Executive Summary
The Outlook for State Finances
Prospects for Funding Higher Education
Fiscal Impacts on Higher Education Policy
Increasing Spending Outside of Higher Education
Cutting Spending Outside of Higher Education
Raising Taxes
Sensitivity Analyses
Participants, Symposium on Emerging State Policy Issues
About the Author
About the National Center

home   about us   news   reports   crosstalk   search   links  

State Spending for Higher Education
Page 2 of 14

Executive Summary

This fiscal forecast of state and local spending patterns, using the same assumptions that most state legislative bodies employ when developing budgets, finds that even with normal economic growth over the next eight years, the vast majority of states will face significant fiscal deficits. Given past state budget patterns of coping with fiscal deficits and avoiding tax increases, the report concludes that the projected shortfalls will lead to increased scrutiny of higher education in almost all states, and to curtailed spending for public higher education in many states. The bad news is that if economic growth is slower than "normal," if taxes are reduced, or if state spending increases for areas outside of higher education, then the outlook for support of public higher education will be even less favorable.

The overall forecast for state fiscal health is as follows:

  • The Challenge: Maintaining Current Service Levels. To maintain current service levels, state and local governments will need to increase spending by about the same percentage as the increase in total personal income of all Americans. This increase in spending will allow for inflation and for constant per-unit services, such as teacher/student ratios.

  • The Problem: Slower Growth in State and Local Revenues. Unless tax increases are enacted, state and local revenues will not grow as quickly as total personal income. This derives from a well-known problem, largely due to states' reliance on sales taxes and fees: state and local taxes are slow to react to increases in income.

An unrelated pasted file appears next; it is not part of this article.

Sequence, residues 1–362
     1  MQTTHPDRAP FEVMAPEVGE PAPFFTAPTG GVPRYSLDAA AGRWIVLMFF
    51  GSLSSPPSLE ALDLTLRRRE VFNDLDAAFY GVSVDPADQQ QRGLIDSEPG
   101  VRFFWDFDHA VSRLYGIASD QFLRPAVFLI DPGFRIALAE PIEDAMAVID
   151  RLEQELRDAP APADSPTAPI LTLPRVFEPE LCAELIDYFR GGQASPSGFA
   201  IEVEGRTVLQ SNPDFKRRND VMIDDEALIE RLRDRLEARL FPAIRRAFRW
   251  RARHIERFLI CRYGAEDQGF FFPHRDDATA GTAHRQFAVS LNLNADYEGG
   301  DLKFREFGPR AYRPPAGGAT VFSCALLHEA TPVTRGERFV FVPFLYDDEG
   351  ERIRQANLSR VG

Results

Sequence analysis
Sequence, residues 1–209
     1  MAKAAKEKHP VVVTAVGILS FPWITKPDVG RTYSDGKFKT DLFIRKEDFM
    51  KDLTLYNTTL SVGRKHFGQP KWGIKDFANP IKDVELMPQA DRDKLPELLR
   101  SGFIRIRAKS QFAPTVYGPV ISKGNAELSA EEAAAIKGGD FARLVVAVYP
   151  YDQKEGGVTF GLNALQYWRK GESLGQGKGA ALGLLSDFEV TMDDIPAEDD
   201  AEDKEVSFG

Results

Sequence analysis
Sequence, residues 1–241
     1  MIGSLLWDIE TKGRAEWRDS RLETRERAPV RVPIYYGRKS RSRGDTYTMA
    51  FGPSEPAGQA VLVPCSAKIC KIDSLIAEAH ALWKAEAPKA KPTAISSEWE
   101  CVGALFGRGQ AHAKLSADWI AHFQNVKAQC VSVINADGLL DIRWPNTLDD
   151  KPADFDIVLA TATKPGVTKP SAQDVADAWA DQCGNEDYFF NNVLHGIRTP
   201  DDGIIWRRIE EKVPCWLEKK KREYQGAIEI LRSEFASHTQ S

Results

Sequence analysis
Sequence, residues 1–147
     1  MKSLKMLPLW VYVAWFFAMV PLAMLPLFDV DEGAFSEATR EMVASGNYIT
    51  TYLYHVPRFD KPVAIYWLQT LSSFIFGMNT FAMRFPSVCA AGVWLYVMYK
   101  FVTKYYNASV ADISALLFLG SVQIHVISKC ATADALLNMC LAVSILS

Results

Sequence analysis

• The Result: Structural Deficits. State and local governments will have a structural deficit in funding current service levels. The mismatch averages about 0.5% per year nationwide, but varies depending upon the state. Due to the robust national economy and other reasons, this problem has not been obvious in recent years, but is likely to become more obvious in the next few years.

Only ten states show structural surpluses. One state has no surplus or deficit, and the remaining 39 are projected to have structural deficits.


Based on national averages, state spending for higher education will have to increase faster than state spending in other areas -- just to maintain current services. Whereas total state funding for all services will need to increase by 5% annually to maintain current service levels, state funding for higher education will have to increase by 6% -- largely due to enrollment increases. This means that even if states were not facing structural deficits in reaching the 5% annual growth in revenues, the percentage of state funding devoted to higher education will need to increase annually in order for higher education just to maintain current services. Since the percentage of the state budget dedicated to higher education has actually declined over the past decade, continuing to fund current service levels for higher education would represent a significant shift in state budget trends. It would also represent a dramatic departure from near-universal statements about priorities for K-12 education in the 1998 campaigns.

Taking the positive view -- that is, assuming that higher education were merely to share equally in the fiscal pain of helping states respond to their structural deficits (rather than being singled out for additional cuts, a "balance wheel" function that higher education has served in the past) -- then, based on national averages:

  • higher education would not see expansion of spending patterns for any program except as financed by reductions in other programs within total higher education spending, and

  • higher education would share proportionately in spending growth rates that average annually about 0.5% below the total appropriations levels needed to maintain current services.

At the same time that states will be facing structural deficits, they will be:

  • seeking to fund new initiatives in many state program areas outside of higher education (see Appendix A),

  • confronting the difficulty of cutting current services in these other program areas (see Appendix B), and

  • confronting the difficulty of raising taxes (see Appendix C).


National Center logo
© 1999 The National Center for Public Policy and Higher Education

HOME | about us | center news | reports & papers | national crosstalk | search | links | contact

site managed by NETView Communications